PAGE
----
Paget disease of the breast is a rare disorder that causes eczema-like changes to the nipple and areola, and occurs when malignant cells migrate through the lactiferous ducts and into the epidermis of the nipple, overlying a breast carcinoma. On histology, malignant Paget cells—large adenocarcinoma cells with clear cytoplasm and dark nuclei—infiltrate the nipple's epidermis. A similar condition, extramammary Paget disease, can manifest in the genital area but is not typically associated with underlying malignancy.

For tumors overexpressing estrogen receptors, selective estrogen receptor modulators (SERMs) like tamoxifen or raloxifene are therapeutic options. Also noteworthy is male breast cancer, which frequently occurs in men harboring BRCA2 mutations and may also be estrogen receptor-positive.

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What is the role of BRCA1 and BRCA2 mutations in breast cancer?

BRCA1 and BRCA2 are autosomal dominant tumor suppressor genes that play a critical role in the risk of developing breast cancer. Mutations in these genes significantly elevate the likelihood of breast cancer occurrence. These mutations follow the "2-hit" hypothesis, meaning that individuals inherit one mutated BRCA allele and are at risk of developing breast cancer if the second allele undergoes a random somatic mutation during their lifetime. Because these mutations are autosomal dominant, having even one mutated allele significantly increases the risk of breast cancer.

What are some known risk factors for breast cancer?

Several risk factors contribute to the likelihood of developing breast cancer. Genetic factors include a family history of the disease, mutations in the BRCA1 and BRCA2 genes, and Li-Fraumeni syndrome. Non-genetic factors include exposure to exogenous estrogen after menopause, obesity, early menarche, late menopause, nulliparity, and older age at first pregnancy. Obesity is also a common risk factor, as the aromatase enzyme in adipocytes convert androstenedione to estrone, which can lead to excessive estrogen.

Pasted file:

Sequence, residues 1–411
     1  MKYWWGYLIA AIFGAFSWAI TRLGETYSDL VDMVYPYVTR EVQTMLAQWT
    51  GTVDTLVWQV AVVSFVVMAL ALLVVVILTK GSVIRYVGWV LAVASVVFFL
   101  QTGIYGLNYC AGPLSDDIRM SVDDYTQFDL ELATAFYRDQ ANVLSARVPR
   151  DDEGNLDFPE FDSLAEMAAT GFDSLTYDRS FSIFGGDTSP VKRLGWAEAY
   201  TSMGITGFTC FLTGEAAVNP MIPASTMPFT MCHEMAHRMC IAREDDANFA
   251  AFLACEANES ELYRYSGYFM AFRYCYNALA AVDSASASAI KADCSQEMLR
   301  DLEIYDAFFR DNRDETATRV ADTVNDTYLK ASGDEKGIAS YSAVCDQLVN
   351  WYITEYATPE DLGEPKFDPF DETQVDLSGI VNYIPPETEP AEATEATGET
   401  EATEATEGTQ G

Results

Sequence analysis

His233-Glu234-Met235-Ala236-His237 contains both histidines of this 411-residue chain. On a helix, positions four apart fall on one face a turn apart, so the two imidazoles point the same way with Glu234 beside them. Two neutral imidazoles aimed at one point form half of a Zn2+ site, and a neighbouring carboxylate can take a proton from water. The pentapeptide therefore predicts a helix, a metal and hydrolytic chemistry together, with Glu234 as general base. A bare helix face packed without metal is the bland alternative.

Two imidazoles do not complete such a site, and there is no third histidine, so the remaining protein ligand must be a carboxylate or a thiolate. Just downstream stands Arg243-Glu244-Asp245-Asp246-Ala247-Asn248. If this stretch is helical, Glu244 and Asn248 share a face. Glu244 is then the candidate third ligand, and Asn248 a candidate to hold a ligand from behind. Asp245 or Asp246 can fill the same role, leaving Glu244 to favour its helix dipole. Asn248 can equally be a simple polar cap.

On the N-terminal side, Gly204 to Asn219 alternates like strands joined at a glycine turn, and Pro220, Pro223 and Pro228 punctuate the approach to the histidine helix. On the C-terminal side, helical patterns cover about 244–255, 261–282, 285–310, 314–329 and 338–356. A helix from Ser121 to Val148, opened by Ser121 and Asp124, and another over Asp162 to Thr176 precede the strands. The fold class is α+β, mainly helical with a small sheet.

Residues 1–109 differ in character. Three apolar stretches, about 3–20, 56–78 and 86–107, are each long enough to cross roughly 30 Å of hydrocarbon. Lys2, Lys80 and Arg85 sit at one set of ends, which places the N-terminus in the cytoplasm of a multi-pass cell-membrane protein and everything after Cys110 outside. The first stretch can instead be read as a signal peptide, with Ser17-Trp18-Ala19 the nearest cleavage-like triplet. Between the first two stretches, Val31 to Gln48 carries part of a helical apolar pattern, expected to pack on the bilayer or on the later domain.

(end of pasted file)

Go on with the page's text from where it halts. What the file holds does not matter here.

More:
What is Li-Fraumeni syndrome and how does it relate to breast cancer?

Li-Fraumeni syndrome is an autosomal dominant genetic disorder caused by a mutation in the p53 tumor suppressor gene, which functions as a checkpoint in the cell cycle. This syndrome significantly increases the risk of developing various types of tumors, including those in the bone, brain, and adrenal glands, in addition to breast cancer. Because p53 plays a crucial role in preventing cancerous growth, mutations in this gene can lead to uncontrolled cell proliferation, elevating the risk of breast cancer among other malignancies.

How are selective estrogen receptor modulators (SERMs) used in the treatment of breast cancer?

Selective estrogen receptor modulators (SERMs) like Tamoxifen and Raloxifene are used to treat breast cancers that overexpress estrogen receptors. SERMs bind to these receptors and act as antagonists in breast tissue, inhibiting the cancer-promoting effects of estrogen. These medications offer targeted therapy for certain types of breast cancer, making them a valuable component of treatment plans.

What are the characteristics of inflammatory breast cancer?

Inflammatory breast cancer is a rare but aggressive form of breast cancer that presents with ‘peau d’orange,' an erythematous, thickened, and dimpled appearance of the overlying skin due to lymphedema and inflammation. On histology, this type of cancer displays dermal lymphatic invasion by poorly differentiated tumor cells. It tends to metastasize early, primarily due to its early invasion of the lymphatic system, making timely diagnosis and treatment crucial.